Wall, window or film?

I was luckily enough to spend today at Wimbledon – a day spent gasping (Federer and Djokovic), sympathesing (Ana Ivanovic), eating (strawberries and cream) and partially enclosed by the Centre Court roof (British summer). Being under the roof was a novel experience to both me and the poor, bewildered pigeon desperately trying to escape its confines. The roof toys with your sense of time as it lets in enough light to vaguely determine if it is sun up or sunset, but gives little else away (a little like Tipsarevic’s expression behind his infamous shades). As a spectator, you get a strong sense of being amongst a lone group of people, left on Earth for the purpose of watching tennis – the match must go on…

Shade - a film that responds to the weather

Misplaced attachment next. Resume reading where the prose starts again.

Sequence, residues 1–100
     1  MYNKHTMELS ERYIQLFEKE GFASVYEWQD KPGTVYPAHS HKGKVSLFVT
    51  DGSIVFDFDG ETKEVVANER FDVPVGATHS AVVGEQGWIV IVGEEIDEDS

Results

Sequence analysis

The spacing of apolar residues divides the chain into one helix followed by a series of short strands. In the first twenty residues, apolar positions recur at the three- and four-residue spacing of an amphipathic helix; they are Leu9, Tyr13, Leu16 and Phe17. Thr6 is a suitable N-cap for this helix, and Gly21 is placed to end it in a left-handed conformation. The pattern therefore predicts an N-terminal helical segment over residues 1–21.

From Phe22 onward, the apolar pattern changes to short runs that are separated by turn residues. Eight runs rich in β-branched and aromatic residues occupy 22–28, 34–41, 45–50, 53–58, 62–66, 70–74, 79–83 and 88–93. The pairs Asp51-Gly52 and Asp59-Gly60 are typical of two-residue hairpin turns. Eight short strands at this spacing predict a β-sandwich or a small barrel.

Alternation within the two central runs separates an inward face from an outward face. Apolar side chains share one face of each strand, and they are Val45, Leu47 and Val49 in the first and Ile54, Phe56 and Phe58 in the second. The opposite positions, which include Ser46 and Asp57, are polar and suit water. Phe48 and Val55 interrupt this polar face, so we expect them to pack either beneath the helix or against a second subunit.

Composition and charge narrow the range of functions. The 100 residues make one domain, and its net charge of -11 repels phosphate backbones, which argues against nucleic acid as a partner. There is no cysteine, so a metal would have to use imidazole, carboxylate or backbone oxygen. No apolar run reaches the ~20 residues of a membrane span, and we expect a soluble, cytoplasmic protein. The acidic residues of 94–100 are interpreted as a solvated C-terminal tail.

However, the half-natural, half-artificial lighting reminded me of the work of the London designer Simon Heijdens, whose work fascinated me on a visit to London’s Design Museum and who was met with critical acclaim at the Art Institute of Chicago. His creation ‘Shade‘ consists of a special film applied to windows that responds to the constantly-changing weather conditions outside – shadows flickering and darkening as a gust of wind pasts the outside sensors. I liked it because it fused nature’s outdoors with the white-washed gallery space, while constantly and unpredictably changing – very much like the MET Office reports on SW19. I also appreciated the science and subsequent complexity behind this film/window/wall, which like the very best of tennis shots, you have absolutely no idea how it works or happens at all.


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